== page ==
The Tongue Survives

The story of “La Malinche” tells the legend of Malinalli, The Tongue (translator) for the Spaniards as Cortes colonized the Aztecs. Malinalli was a survivor from birth to death, through all of her experiences as a slave, treks through Mexico with Cortes, and battles between her people and her allies. I will never experience the amount of pain and victory that Malinalli went through, but everyone who lives endures pain and victory in different ways. The story of La Malinche can guides us to make a great story of our sorrow.

In the beginning when Malinalli is being birthed, the umbilical cord is wrapped around her neck like a serpent, which also happened to me. My mother was told not to push because it would choke me, but animal instinct told her drive me out. Malinalli’s grandmother was ready to cut her out, which would have killed her, but Malinalli pushed through and came out alive, as did I. “Grandmother shouted like a warrior to let everyone know that her daughter- in- law, a great fighter, had come out victorious in the battle between life and death.” (pg. 5) I felt a connection to this quote, because I can imagine the victorious spirit in my loved ones after my successful birth. This is clearly included in the book as a foreshadowing to her victorious triumph over death during fatal battles and adventures. If this was the true story of Malinalliś birth, then it was either a spectacular coincidence or a great anticipation to her future. Perhaps Malinalli was so inspired to survive later in life because she remembered the story of her birth and felt the need to continue the legacy. Nonetheless, this was a great passage to intrigue the reader about the survivor in Malinalli, which was continued later in the story.

I was continuously amazed at the courage and strength exhibited by Malinalli in every moment of her life. Repeatedly sold as a slave, faced with life changing and world altering decisions far too early in life, forced to face the consequences of her trust, struggling to find a place where her heart feels safe. Although my situation is no comparison to hers, any teenager can relate to the feeling of being lost in a world where the decisions we face feel far beyond our control. ¨Migration is an act of survival. Malinalli wished she could have relied on the lightness of butterflies and migrated on time, flown through the high skies, far above the clouds, where she would not have to hear the weeping and lamenting, where you could not distinguish the mutilated corpses, the rivers of blood, the smell of death.” (pg. 92) Malinalli imagines this because she constantly has to survive all of those sorrowful situations, and she wants a way out. I relate to her state of anxiety, and I often find my escape in literature and music, imagining a world free of disaster and misery where I can be free.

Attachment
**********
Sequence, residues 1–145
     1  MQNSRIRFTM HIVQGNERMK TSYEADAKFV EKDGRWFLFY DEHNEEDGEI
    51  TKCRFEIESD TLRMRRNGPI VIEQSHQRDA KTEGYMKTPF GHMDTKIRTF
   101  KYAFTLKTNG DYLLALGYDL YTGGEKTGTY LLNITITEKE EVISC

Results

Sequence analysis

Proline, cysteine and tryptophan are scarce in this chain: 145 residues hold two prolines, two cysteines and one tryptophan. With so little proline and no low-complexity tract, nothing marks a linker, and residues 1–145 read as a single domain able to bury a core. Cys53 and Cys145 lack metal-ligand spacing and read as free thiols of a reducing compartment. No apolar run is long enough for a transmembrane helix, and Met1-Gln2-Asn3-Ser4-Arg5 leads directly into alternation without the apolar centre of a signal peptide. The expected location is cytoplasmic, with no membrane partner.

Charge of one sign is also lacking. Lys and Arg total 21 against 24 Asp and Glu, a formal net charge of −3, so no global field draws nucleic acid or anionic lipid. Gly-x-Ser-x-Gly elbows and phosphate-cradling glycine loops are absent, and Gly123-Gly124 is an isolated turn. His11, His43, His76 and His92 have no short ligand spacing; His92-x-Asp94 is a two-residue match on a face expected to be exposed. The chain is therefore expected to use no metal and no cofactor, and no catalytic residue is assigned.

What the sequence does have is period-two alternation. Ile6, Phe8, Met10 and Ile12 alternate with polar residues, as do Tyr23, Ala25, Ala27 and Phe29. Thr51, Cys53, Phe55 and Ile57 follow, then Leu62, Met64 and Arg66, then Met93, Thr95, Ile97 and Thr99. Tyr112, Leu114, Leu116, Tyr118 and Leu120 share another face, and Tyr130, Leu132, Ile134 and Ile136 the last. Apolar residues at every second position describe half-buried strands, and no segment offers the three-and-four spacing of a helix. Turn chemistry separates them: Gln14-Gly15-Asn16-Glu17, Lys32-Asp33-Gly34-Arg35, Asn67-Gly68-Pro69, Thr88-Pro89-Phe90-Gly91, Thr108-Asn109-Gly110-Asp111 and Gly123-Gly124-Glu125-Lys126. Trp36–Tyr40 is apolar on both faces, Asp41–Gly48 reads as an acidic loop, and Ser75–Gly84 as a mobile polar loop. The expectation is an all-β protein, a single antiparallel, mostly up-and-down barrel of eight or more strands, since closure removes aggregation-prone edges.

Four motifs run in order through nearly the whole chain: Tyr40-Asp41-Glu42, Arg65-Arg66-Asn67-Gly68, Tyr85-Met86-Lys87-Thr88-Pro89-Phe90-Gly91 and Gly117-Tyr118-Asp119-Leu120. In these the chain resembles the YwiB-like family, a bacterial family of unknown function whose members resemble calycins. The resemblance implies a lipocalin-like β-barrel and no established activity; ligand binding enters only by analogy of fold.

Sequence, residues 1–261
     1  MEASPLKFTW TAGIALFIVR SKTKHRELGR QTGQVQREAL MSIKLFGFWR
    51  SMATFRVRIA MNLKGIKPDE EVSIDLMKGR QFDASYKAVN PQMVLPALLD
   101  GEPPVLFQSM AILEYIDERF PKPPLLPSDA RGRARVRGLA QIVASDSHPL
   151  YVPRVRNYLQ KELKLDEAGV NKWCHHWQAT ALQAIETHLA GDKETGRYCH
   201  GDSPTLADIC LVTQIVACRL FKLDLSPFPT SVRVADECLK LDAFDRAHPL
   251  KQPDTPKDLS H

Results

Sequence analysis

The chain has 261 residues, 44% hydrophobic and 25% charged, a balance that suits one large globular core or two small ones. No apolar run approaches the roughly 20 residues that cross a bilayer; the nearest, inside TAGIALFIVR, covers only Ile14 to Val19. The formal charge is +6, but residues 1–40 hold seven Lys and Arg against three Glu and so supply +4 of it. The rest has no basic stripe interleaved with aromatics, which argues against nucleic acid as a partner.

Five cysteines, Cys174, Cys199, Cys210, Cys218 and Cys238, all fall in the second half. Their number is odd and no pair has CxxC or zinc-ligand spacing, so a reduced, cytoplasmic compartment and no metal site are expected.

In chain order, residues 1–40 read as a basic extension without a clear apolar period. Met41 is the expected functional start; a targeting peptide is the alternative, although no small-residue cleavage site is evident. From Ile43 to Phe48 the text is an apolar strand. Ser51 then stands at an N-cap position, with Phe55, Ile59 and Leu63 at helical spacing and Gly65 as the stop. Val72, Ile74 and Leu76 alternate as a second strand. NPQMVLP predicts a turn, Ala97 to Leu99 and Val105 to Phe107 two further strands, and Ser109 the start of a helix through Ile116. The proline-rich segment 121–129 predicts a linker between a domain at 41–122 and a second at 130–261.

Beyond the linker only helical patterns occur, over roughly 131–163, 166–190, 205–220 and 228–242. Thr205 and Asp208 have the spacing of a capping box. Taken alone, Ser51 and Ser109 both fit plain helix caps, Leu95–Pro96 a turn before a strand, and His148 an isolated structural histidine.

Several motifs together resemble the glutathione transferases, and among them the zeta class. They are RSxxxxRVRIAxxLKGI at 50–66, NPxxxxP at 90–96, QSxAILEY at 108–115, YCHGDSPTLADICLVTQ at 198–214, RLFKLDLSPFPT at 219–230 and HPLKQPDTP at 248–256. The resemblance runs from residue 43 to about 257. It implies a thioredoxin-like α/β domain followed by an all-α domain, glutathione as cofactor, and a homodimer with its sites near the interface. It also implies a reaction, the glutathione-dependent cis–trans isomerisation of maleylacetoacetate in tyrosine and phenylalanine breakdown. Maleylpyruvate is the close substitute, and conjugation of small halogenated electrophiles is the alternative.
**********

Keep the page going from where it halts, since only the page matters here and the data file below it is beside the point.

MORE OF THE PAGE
At Malinalli’s death, she was also reborn. She became one with all of eternity, all of the universe, everything living and everything dead. This was a symbol of survival, because it showed us that even through death she survived in spirit. Malinalli dies on her own terms, and is immediately merged with the universe by being struck by lightning. “At that moment, a bolt of lightning, a silver tongue, lit the sky, heralding a storm and filling with light the still body of Malinalli, who had died instantaneously some moments before. Her eyes were absorbed by the stars, which immediately knew everything that she had seen on earth.” (pg. 185) Even though many of us believe in an afterlife, or in the simple decomposition of our body with no existence after death, we all wish to be remembered somehow by the world we experience every day. Malinalli had a story that we will never forget, a story that will influence the world for centuries after her death. The absorption of her eyes into the stars is a symbol of her legend on the earth and the way she will always “look over” us and influence the human race.

La Malinche was a magnificent story to warn us against ourselves. Malinalli learned through all of her adventures and moments facing death that she is a survivor. I learned through Malinalli what is truly means to survive and to thrive, and I will carry on this story by conquering my own plights.

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8 thoughts on “The Tongue Survives

  1. I really like your codices it really captures the reading. Especially the one Malinalli head was peaking out between her mother’s leg. I also talked about how migration is an act of survival,so it was cool reading your point of view about it.

    Liked by 1 person

  2. I really love the way you related Malinalli’s story to your own. Having a personal element in the story really helped bring the novel into context with what you were saying, like when you said, “I felt a connection to this quote, because I can imagine the victorious spirit in my loved ones after my successful birth.” I liked the quotes you used as well. The one where Malinalli died was very beautiful and it really enhanced your essay. You used quotes very effectively and it was overall a really nice essay.

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  3. I really like how you made connections to the book/Malinalli throughout the essay. Your introduction was thought out and a great short summary of the book. Plus your pictures are amazing and I know exactly what parts of the story you are trying to depict. Your survival essay is very well written and you chose good quotes that supported your thesis!

    Liked by 1 person

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